Discussion Paper: Cash Transfers and HIV Prevention

17 Oct 2014
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Cash transfers – direct cash payments to individuals and 
households, often targeting the poor and vulnerable – have increasingly become a cornerstone of many low- and middle-income countries’ social protection strategies. Cash transfers help reduce poverty and can reduce economic and gender inequalities, as well as exclusion, all of which are priority outcomes in UNDP’s Strategic Plan: 2014-2017.

An investment approach has recently become central to AIDS responses. In a joint paper in 2012, UNDP and UNAIDS describe the relevance of ‘development synergies’ – investments in other sectors that can have positive impacts on HIV outcomes – to strategic investments in AIDS responses. Social protection is an example of a development synergy, and a growing evidence base indicates that cash transfers in particular have the potential to prevent HIV, especially sexual transmission of HIV, in certain contexts.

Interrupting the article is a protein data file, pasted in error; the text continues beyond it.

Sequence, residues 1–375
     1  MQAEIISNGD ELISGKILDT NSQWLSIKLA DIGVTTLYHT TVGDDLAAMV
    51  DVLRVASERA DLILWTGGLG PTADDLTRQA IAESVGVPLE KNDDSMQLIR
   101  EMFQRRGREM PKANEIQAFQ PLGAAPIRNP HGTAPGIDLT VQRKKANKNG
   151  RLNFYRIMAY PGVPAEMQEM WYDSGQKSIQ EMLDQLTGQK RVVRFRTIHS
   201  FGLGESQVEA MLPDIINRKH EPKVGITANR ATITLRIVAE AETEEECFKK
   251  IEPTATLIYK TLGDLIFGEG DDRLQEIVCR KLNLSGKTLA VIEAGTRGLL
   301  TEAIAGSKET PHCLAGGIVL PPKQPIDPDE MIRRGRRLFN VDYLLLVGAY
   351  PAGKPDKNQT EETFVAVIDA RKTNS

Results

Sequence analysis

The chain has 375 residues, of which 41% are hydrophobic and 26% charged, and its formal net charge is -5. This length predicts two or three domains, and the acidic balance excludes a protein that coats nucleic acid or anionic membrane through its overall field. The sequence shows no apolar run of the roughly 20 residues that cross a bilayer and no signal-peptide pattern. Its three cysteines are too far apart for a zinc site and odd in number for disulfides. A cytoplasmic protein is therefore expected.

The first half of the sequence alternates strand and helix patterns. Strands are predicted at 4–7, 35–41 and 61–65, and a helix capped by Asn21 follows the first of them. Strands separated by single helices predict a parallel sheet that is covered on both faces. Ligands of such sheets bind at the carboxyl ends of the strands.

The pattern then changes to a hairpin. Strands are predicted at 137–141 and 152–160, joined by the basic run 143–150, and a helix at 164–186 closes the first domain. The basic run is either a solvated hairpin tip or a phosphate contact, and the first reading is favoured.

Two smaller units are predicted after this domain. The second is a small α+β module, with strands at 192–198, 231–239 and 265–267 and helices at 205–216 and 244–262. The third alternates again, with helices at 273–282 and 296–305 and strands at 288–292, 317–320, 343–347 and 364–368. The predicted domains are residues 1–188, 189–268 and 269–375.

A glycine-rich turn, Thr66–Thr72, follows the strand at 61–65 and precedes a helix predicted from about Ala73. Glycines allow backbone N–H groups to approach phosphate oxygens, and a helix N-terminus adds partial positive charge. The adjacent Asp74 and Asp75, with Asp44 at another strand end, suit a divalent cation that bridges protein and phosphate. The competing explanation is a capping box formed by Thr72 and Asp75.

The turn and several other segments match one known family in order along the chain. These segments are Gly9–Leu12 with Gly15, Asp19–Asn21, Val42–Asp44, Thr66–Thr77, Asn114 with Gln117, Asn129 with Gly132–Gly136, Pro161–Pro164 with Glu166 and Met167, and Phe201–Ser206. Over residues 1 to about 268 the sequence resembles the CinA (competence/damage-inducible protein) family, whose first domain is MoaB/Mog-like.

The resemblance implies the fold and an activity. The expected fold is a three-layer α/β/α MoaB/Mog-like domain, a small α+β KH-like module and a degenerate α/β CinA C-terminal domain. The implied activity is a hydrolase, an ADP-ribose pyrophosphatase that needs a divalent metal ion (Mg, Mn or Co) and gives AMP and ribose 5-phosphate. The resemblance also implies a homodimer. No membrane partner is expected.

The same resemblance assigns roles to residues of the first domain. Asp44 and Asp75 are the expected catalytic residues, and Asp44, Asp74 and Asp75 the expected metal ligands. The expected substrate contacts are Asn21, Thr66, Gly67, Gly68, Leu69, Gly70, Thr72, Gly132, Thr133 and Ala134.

This paper presents and analyses the evidence on cash transfers and HIV prevention, which demonstrates impacts across three broad, related areas:

- Cash transfers can address structural drivers of HIV, such as economic and gender inequalities and low levels of education;


- Cash transfers can increase uptake of critical prevention services, such as voluntary counselling and testing, with implied impacts on HIV; and


- Cash transfers tied to proxies for risk of HIV infection have shown promising, though mixed, results.

Much of the evidence centres on girls and young women, who bear significant HIV burdens, particularly in sub-Saharan Africa, and often have less control over their sexual choices than do men.

The paper offers two unique contributions in addition to synthesizing the available evidence. The first contribution is a deep exploration of key issues, concerns and limitations around cash transfers and HIV prevention, including programme design elements and human rights considerations. The second is a set of strategies for moving forward in terms of policy and programmes, as well as research, striving to answer the critical question “where do we go from here?”

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